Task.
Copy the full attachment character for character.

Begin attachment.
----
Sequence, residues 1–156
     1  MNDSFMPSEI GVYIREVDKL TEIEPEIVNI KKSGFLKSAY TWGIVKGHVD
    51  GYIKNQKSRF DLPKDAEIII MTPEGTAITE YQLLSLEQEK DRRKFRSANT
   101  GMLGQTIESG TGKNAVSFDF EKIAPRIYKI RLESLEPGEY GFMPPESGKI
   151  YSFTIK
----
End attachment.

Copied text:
Sequence, residues 1–156
     1  MNDSFMPSEI GVYIREVDKL TEIEPEIVNI KKSGFLKSAY TWGIVKGHVD
    51  GYIKNQKSRF DLPKDAEIII MTPEGTAITE YQLLSLEQEK DRRKFRSANT
   101  GMLGQTIESG TGKNAVSFDF EKIAPRIYKI RLESLEPGEY GFMPPESGKI
   151  YSFTIK